You just never know where you'll stumble across your next craft project.

I recently found one while out shopping on Black Friday. While I had other plans in mind, my passenger insisted I stop at the home improvement store that was just a couple miles up the road. As I drove, she'd been busy perusing the store's sales paper, checkmarking items she was interested in purchasing.

After sitting in the left turn lane for what seemed an eternity, I reluctantly pulled into the busy parking lot, and after circling around several times, we finally found a vacant spot.

Aside from the crowded lot, I was reminded again that there was some serious shopping going on the moment we walked into the store and discovered there were no shopping carts available.

As the "professional shopper" I consider myself to be, I immediately turned around and followed a customer to her car where I waited as she unloaded a cart piled high with purchases. As I stood there, I was approached by two men, who each asked if I was waiting for the cart.

Once back inside the store, I noticed a lot of determined shoppers pulling over-sized plastic trash bins on wheels in place of shopping carts. Big cushy dog beds seemed quite the find for many customers -- some with as many as three piled high in the cart they were lucky to find. I also noticed three very long lines of customers that zigzagged up and down isles and departments throughout the store.

This turned into a shopping event that was even more serious than I'd imagined. I hadn't braved the day after Thanksgiving shopping frenzy in over 10 years, and at that moment, I was reminded why! The place was a madhouse, filled with a boat load of happy customers, and I would become one before leaving!

At that point, I figured I should make some attempt to find my shopping buddy. When we finally met up, her basket was filled to the rim. She was clearly on a mission. I, on the other hand, was struggling to find things I needed or wanted. That changed the moment I wandered into the food and snacks section, where I snatched up three 2-pound summer sausages (wish I'd gotten several more), an extra-large jar of dry-roasted peanuts, and two bags of my favorite chocolate truffles. I later added several battery-operated candles and a four-piece bath bomb set to my growing number of items.

It was then time to pick a checkout line. We followed one all the way to the back of the store to find the end. Luckily, it moved along faster than expected, and we spent the time chatting with other customers. It took about 45 minutes to reach the checkout counter, but about midway, as we stood in the area for Christmas decorations, I saw a small display of collapsible fabric-covered storage ottomans/containers sitting on the floor. I'd only seen similar ones online and on home shopping channels. "These are really nice," I thought.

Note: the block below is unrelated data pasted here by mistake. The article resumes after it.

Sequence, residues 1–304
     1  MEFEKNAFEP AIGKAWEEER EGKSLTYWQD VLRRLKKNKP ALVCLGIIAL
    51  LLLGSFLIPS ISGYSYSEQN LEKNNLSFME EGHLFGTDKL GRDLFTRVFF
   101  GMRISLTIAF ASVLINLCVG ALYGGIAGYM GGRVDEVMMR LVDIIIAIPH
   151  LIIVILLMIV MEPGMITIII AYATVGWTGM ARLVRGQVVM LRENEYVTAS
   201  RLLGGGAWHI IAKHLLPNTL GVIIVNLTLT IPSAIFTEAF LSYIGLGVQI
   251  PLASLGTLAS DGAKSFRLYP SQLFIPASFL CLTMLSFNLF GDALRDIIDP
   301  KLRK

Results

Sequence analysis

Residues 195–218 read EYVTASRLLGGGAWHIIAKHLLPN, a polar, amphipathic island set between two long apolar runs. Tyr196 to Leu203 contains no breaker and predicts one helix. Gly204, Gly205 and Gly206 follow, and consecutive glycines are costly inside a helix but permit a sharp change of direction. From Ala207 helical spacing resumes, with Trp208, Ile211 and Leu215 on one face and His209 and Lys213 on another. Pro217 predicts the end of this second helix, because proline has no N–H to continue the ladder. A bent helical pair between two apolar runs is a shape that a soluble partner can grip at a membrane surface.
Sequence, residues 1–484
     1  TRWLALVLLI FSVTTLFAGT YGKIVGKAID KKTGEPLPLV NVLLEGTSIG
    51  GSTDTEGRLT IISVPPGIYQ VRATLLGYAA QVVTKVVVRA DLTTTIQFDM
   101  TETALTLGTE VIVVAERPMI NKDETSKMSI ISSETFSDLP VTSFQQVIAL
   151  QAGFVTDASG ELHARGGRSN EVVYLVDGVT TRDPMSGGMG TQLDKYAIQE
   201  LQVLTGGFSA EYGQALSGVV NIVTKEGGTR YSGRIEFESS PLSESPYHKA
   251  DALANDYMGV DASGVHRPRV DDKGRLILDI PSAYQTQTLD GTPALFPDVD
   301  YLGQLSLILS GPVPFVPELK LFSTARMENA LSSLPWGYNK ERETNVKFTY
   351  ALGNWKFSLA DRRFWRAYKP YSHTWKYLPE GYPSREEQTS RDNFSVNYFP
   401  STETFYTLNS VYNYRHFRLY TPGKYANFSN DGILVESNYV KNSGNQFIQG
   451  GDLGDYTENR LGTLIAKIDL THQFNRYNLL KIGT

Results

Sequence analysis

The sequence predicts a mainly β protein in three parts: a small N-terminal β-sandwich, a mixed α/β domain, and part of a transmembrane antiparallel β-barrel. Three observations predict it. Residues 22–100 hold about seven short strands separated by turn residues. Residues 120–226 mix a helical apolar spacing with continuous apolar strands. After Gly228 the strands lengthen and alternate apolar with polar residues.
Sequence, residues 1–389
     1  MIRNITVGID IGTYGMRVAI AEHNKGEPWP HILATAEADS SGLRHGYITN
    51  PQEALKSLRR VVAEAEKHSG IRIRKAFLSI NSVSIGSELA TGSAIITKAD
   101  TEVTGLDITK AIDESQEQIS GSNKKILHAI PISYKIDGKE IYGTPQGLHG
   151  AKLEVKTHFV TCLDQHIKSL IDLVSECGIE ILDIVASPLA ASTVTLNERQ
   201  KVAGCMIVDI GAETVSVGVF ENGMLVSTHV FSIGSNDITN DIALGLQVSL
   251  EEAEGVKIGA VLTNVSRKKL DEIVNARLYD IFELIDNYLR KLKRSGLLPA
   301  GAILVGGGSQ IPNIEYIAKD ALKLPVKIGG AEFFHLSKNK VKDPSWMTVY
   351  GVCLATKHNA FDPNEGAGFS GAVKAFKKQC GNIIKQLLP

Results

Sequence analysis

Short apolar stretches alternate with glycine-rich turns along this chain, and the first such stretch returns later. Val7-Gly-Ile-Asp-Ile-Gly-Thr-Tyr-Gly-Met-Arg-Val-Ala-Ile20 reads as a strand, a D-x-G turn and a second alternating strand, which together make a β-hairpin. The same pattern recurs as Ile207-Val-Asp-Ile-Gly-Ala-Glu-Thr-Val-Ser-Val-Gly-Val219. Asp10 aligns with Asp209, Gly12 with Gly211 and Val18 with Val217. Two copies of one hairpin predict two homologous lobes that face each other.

I'd been in the market since last summer for a black and white storage ottoman that would work in my leopard and mud cloth themed TV nook. I figured I'd use it to prop my feet up while knitting and watching TV, and as extra storage for yarn. It could also serve as a small side table.

I envisioned the gray ottoman done over in mud cloth. It felt like it was constructed with thin plywood, so it seemed sturdy enough for what I had in mind. And because the price was right -- just under $6 -- I grabbed two of the 15-inch cubes and tossed them in my basket. I was then a happy customer!

After several hours of store-hopping, I returned home and eagerly pulled out all my black and white mud cloth, in hopes of finding a piece with a small-scale pattern that would be suitable for the size of the ottoman. Luckily, I found one, and it was just enough! I'd purchased it several years ago to wear as a wrap, so because of the width and length only a few cuts and trims were needed. And, the medium weight of the fabric added to the durability of the finished project.

Days later, armed with a small glue gun (no staple gun needed here), I began working on the project by reinforcing the two collapsible sides with a small strip of heavy denim over the top edge of the fold area to prevent it from being collapsible. 

I then glued the mud cloth to the sides, starting at one corner, which I later overlapped about an inch with raw edges of the opposite end folded under. I left about 3 inches of fabric around the top, to fold and glue to the inside.

Although the ottoman came with a thin layer of padding beneath the fabric on the lid, I wanted a more cushy feel and look, so I cut a piece of pre-quilted fabric the size of the top and attached it with glue. I then upholstered over the original fabric with the remaining mud cloth and lined the top with black cotton fabric.

After putting the ottoman together, I could see it needed a little something extra, so I purchased 2 yards of black fringe trim. I couldn't find the thick heavy fringe I had in mind, but I think it works! And best of all, I now have storage for at least 18 more skeins of yarn!

Detroit News Columnist Jocelynn Brown is a longtime Metro Detroit crafter. You can reach her at (313) 222-2150, or 

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